Small steps of fraternity during the pandemic

We continue to share stories of solidarity from Focolare communities in countries that are still facing the battle against covid-19.

While in some countries we have “almost” returned to normality, in others the level of the pandemic is still high. Nonetheless, stories of fraternity continue to arrive from Focolare communities around the world.

Brazil is currently the country most severely affected by covid.  The Focolare community has continuously shown concern for the people in the greatest difficulty and has collaborated with other organisations in offering help.

The various communities scattered throughout the country have also tried to assess who was suffering amongst their own members. They made a quick census and calculated that needs can be met for 2-3 months through a “communion of goods” and some extra economic support. Economy of Communion entrepreneurs have also begun a fundraising campaign to help some of the most disadvantaged communities.

From the United States Matteo reports: “When covid-19 began its terrible and rapid diffusion here, we, the  staff of Living City magazine and New City Press,  asked ourselves what  we could do, besides following all the guidelines of the civil authorities? How could we help people to overcome the crisis? It was immediately clear that “social distancing” should not prevent us and others from loving.

So we created a series of videos, webinars and interviews with the hashtag #DareToCare, to inspire and encourage everyone to get in touch during these challenging weeks. We asked people to share in a 1-2 minute video how they “dare to care”.  One woman said that while she was shopping she saw people panicking. So, instead of buying two large packages of chicken that had just arrived at the supermarket, she only took one to leave some for other customers.

One pharmacist decided to stay open to serve his customers, but he had no protective equipment. ‘When the crisis started, we had almost no masks and gloves,’ he said.  He shared his concerns with his customers and they brought him masks themselves and so saved him money.

Another family of five people recorded their new daily routine: they work and follow lessons online from home, the daughter trains to keep fit for next year’s track and field events, and everyone is trying new recipes to share with one another.  And the videos keep coming!”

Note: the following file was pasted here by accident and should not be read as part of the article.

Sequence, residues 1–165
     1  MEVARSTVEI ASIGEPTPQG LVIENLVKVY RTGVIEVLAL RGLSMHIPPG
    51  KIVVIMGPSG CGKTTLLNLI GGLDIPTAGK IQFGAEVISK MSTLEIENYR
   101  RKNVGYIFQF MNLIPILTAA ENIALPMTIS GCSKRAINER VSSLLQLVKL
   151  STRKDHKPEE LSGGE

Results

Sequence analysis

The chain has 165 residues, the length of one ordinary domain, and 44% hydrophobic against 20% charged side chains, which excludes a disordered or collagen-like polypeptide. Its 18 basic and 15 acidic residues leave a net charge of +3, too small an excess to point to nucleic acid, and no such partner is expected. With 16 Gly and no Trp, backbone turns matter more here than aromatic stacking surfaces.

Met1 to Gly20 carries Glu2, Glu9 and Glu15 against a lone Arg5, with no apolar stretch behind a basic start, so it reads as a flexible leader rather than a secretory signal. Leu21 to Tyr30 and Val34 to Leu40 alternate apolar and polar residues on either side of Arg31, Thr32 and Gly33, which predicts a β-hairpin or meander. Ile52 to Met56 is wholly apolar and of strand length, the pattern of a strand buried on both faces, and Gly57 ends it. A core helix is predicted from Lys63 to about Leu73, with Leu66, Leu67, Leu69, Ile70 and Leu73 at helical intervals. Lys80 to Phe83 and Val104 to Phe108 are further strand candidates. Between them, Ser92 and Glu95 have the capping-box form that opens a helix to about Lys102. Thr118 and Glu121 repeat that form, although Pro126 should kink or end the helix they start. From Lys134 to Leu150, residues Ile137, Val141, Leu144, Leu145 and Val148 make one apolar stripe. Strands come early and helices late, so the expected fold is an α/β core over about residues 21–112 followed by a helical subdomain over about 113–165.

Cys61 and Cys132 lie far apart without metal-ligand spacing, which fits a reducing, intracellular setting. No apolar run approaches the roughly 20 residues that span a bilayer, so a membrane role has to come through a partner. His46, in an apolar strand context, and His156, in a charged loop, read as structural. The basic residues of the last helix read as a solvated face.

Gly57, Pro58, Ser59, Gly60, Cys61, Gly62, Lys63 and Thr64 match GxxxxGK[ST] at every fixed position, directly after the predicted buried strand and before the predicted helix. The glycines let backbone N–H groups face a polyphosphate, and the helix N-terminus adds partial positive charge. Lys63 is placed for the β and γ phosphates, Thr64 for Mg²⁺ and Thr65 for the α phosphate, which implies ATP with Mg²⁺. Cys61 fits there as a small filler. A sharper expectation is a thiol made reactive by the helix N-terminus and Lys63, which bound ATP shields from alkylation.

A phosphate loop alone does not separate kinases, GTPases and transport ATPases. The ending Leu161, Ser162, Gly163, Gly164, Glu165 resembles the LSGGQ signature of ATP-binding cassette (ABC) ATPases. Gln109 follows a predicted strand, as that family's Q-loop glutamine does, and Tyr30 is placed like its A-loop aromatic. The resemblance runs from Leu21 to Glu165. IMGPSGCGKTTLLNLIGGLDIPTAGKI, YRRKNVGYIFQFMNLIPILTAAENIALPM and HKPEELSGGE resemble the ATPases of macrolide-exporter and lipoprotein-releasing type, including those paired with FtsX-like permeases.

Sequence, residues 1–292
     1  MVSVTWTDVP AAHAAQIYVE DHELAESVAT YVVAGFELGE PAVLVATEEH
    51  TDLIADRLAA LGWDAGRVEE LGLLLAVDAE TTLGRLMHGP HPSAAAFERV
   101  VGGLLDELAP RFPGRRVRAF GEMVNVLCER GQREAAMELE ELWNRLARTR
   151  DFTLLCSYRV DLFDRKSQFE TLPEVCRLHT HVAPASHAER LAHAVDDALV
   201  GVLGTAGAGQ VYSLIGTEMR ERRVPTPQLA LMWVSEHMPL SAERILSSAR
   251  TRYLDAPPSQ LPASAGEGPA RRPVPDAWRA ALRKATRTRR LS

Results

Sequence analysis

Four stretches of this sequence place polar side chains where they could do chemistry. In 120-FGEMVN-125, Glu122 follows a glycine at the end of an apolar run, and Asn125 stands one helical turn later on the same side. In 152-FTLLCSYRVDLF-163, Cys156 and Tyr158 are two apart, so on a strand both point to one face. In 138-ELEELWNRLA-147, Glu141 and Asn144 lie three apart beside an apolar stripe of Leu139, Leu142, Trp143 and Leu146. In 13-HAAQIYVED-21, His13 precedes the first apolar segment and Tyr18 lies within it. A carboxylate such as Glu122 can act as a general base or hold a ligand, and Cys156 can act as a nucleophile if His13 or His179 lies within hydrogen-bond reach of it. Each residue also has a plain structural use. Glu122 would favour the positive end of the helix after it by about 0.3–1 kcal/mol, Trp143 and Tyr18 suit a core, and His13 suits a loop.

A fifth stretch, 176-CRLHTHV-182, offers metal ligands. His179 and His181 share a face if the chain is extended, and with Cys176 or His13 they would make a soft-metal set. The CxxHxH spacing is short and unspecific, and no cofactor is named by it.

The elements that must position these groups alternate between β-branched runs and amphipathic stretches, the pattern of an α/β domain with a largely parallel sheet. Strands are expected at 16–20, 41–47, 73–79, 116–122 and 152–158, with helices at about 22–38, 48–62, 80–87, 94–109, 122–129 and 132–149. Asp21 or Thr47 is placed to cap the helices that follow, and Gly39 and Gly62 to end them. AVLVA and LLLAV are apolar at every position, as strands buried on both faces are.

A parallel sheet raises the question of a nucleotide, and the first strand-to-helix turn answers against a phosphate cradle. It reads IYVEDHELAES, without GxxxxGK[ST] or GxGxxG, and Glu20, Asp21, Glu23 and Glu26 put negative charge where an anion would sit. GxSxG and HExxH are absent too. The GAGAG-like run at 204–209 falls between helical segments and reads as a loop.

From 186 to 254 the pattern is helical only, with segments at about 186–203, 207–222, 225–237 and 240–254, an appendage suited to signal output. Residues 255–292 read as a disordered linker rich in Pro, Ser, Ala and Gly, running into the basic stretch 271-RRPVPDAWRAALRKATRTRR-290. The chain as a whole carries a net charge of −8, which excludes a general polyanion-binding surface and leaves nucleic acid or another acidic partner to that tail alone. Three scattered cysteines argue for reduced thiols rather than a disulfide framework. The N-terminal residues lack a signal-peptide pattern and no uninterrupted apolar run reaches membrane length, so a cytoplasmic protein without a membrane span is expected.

Ulrike, a psychiatrist, says, “I work in a clinic in Augsburg, Germany. At the moment, my job entails responding to phone calls from the public. When one lady called, I realised that it was going to be very difficult to respond to her requests and I needed to make a special effort.  Eventually, I was able to give her the important information that she wanted.. An e-mail arrived in the afternoon: ‘Dear Doctor, my husband and I would like to express our heartfelt thanks for your extraordinary efforts. If everyone was as helpful as you during these difficult times, there would be fewer problems.’”

From Buenos Aires, Argentina, Carlos tells us, ” Following the death of a homeless person from the cold, in July 2019 the Bel El Jewish community began a campaign to help the poor: the campaign was entitled  ‘Don’t be cold in front of the cold.’ Our Christian friends, especially from the Focolare Movement, have come to help us distribute food to the homeless people.  We are not talking about “dialogue” here –  it’s a matter of sharing our lives.

Then the coronavirus meant that homeless people could no longer live on the streets, so what were they meant to do? This was the beginning of the project  ‘Another meal for hungry people in lockdown.’ Once again, Jews and Christians together, the Bet El Community and the Focolare Movement have embarked on the sacred task of loving our neighbours and not neglecting them.”

The head of a junior school in Montevideo, Uruguay, tells us, “State funding enables us to provide free school meals for children from 48 different families who attend our school. Feeding these children became a big problem when classes were suspended due to covid. I started to pray and have more faith in God. Then, thanks to a foundation and some friends from Inda (National Institute for Food), resources arrived and we are able to distribute food baskets that will last for at least a month.”

Lorenzo Russo

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